Sunday, 21 April 2013

Soldiers Pay

A scale model of what Fishbourne Roman Palace may have looked like
During a sunny weekend away for my mum's birthday I found myself in Fishbourne Roman Palace.  A large estate, with many mosaic floors, a few graves, some plaster, a replica garden, but, due to the value of stone after the palace burned down, no walls.  This ancient act of theft turned out quite lucky for our tour guide, as the spaces where the walls where have been filled in with modern concrete and turned into special walkways for him to traverse the site on, while the rest of us untrusted public had to remain behind little barriers and look at small informational plaques.

Like many of these places where the remains of places of historic interest[1] are found, along with the historic find, a load of ancillary stuff has sprung up to make a visit a fun trip for all the family - a research facility with separate tour, a scale replica model of what the original site might have looked like (along with a ship placed in a now-known-to-be impossible shoreline), a museum, and (everyone's favourite!) a little shop!

A small self-indulgent digression, if I may.  I, like so many others, have a bad habit of collecting things.  Over time what I collect varies, but there is usually some class of thing (or sometimes, to the detriment of my bank balance, things) that I will irrationally want to acquire more of.  Also, interestingly, most of these collections can be fuelled by tat that is offered up in the little shops that support historically interesting sites.  Growing up it was glass marbles.  When they were lost I built up a massive collection of keyrings and keyfobs.  Much later, after finishing my degree, it was decks of playing cards.  Now, my fetish-de-jour seems to be acquiring dice games.  The collection is currently small, comprising Zombie Dice (plus expansion) and three sets of Rory's Story Cubes, but the Fishbourne shop presented the opportunity to buy "Tabvla" -- a Roman predecessor to backgammon played with three dice -- and I could hardly refuse such a generous offer for five quid.

An arch kit to keep kids (of all ages) amused :)
The museum at Fishbourne was well worth a look round.  For kids (henceforth classified as those under 30 years of age) there were practical things to do, such as building a Roman arch from lurid pink blocks and weaving bits of ribbon on some dodgy wooden contraption held together with string.  However one thing that really urked me was an informational board adorned with the title "Soldiers Pay".  It described how much a Roman soldier would earn, what they could or would likely spend it on, and their career prospects.  However I couldn't quite shake the feeling that something was wrong with this title.  Now I'm not about to turn into Lynne Truss on apostrophes -- my command of the little blighters is not one to be envied[2] -- but in my gut I feel like there should be one somewhere as there is some notion of ownership going on.  "A solider's pay", or "Soliders' pay", or somesuch.  "Soldiers pay" reads to me as though the soldiers in the Roman army had to pay for something.  I'm pretty sure I'm right in claiming this is at least ambiguous?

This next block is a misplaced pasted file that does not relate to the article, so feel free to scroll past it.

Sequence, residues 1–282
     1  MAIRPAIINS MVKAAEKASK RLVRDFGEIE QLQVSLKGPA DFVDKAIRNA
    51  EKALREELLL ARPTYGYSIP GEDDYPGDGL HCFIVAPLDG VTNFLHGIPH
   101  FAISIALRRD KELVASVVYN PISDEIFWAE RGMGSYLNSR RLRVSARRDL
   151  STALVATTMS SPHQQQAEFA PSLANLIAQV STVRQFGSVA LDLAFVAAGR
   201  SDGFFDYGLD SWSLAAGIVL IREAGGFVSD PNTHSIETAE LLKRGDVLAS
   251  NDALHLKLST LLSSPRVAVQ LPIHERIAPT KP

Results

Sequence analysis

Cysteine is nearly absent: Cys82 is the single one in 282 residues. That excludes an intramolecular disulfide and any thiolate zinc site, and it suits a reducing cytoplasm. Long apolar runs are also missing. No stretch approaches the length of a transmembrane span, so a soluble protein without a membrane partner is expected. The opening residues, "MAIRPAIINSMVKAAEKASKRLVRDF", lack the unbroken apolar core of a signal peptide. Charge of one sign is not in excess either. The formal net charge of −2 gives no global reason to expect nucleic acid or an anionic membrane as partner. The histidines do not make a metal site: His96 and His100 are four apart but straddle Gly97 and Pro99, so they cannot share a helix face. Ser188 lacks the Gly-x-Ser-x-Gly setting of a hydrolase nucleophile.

Anyway, I have a hard time letting irritating little things like this go, and over a burger at Byrons with a friend, I started to relate this tale of possible ambiguous apostrophe abuse.  However my diatribe was distracted when I noticed our waitresses' T-Shirt. "Today's special".  'You are or it is?' I thought better of asking when she asked us if everything was all right.  Looking round, the male waiters were instead decorated with the singular "medium".  The possible ambiguities here are great - cooked meat preference?  t-shirt size? or perhaps a secondary job skill that could provide hours of out-of-this-world tableside amusement during dessert?  I ordered a mint tea instead of finding out, shame on me.

[1] The importance of Fishbourne in Roman times is actually pretty unknown.  A rather interesting question posed by my father revealed that there no known written references to Fishbourne (as in, the Roman name for the location is unknown), despite it being (currently) unique in terms of size and scale in Britain.

[2] The number of its v.s. it's mistakes in my Ph.D. thesis was almost legendary.